Colorado weather: More spring snow coming to mountains as cold temperatures persist across the state
A spring storm system will pass over Colorado this week, bringing snow and rain to large swaths of the state.
The National Weather Service says the storm system will arrive Monday, with snow and rain showers expected to pick up that evening. While the Front Range is expected to get some amount of rain and snow, the brunt of the storm will hit mountain communities on the I-70 corridor.
“We're looking at potentials of a foot or even two feet of snow. Maybe a little more in a few spots up in some of the higher foothills and Front Range mountains,” said David Barjenbruch, a NWS forecaster.
Rain will pick up in the Denver metro area starting Tuesday, which may result in wet snow in urban areas. Barjenbruch said they’re not sure not sure how snow will pan out along the I-25 corridor.
“We're going to have to watch that one carefully, as it does look like snow levels will probably work their way down to 6,000 feet or even under that, maybe down into the Mile High City, actually, by the time we head into late Tuesday night or Wednesday morning,” he said “So, there is some potential for accumulation down here that we're going to keep a close eye on.”
Grand Junction, Colorado Springs and Pueblo will receive similar weather to Denver. The Eastern Plains is expected to be largely spared from major precipitation.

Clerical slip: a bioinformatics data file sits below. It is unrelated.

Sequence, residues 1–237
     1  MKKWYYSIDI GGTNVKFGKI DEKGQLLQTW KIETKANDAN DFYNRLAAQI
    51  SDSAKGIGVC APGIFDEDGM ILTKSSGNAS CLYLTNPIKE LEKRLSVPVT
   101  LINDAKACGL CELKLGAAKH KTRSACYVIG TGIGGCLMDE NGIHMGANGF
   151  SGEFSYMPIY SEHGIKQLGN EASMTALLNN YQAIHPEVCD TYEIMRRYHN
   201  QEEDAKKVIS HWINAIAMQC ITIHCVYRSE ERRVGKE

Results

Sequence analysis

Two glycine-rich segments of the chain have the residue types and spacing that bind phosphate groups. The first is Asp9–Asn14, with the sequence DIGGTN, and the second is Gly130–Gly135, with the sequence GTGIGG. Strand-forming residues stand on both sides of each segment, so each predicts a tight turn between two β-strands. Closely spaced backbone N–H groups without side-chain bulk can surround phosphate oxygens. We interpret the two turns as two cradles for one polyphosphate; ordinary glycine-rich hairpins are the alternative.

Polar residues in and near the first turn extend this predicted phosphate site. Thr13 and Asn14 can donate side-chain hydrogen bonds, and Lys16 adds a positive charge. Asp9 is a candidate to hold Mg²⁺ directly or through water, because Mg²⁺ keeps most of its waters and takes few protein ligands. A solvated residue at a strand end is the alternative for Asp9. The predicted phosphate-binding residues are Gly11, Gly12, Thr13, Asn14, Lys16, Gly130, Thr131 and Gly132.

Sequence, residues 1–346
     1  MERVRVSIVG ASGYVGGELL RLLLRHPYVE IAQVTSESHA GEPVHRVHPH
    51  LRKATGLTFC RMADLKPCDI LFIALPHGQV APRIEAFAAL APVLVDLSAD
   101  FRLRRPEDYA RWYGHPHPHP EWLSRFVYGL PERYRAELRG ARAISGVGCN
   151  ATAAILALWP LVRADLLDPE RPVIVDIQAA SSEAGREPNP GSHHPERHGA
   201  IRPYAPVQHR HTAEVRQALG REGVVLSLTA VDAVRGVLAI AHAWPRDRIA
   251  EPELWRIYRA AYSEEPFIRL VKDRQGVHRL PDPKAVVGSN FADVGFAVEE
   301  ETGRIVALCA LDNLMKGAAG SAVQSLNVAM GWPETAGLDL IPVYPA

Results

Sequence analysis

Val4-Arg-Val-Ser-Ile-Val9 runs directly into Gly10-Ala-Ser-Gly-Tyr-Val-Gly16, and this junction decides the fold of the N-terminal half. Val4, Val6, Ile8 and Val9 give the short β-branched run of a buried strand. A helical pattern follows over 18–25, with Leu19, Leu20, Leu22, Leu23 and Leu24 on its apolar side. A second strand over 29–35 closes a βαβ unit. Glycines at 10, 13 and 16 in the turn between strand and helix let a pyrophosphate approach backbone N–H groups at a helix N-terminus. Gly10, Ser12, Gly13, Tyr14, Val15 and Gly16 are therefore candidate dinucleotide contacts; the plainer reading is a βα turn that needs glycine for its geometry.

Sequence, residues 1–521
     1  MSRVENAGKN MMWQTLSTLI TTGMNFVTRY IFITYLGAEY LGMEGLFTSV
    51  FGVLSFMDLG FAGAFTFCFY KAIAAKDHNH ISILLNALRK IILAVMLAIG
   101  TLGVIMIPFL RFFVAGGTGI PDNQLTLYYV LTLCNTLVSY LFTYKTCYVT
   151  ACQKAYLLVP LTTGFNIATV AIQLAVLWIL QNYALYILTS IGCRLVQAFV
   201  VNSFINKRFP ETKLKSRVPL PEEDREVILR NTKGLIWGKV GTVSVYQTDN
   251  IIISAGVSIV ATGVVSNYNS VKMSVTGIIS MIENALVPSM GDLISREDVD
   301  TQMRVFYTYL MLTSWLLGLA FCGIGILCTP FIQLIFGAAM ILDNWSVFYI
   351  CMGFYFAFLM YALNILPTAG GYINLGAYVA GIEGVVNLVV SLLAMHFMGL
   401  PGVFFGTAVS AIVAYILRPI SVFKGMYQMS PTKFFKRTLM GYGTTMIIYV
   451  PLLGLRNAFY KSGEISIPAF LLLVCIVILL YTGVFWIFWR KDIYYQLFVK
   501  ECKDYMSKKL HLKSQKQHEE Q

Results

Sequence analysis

The storm is expected to weaken on Wednesday, but another system won’t be far behind.
“While all the attention is on this first storm, and of course it's going to be a good spring storm system for us, we do have another one lurking behind that toward Friday,” Barjenbruch said.
Late winter-like conditions aren't rare for springtime in Colorado. The average last day of snowfall is April 28 for the Denver area.
- Warming temps are turning snowpack into major flooding problems
- ‘It feels like there’s a lot of death’: Near-record snowpack poses historic challenges to Northwest Colorado wildlife
- PHOTOS: How drought is changing the Colorado River and the lives of the people who depend on it
- Denver’s official weather reports come from DIA. Here’s why — and how you can help complete it
You want to know what is really going on these days, especially in Colorado. We can help you keep up. The Lookout is a free, daily email newsletter with news and happenings from all over Colorado. Sign up here and we will see you in the morning!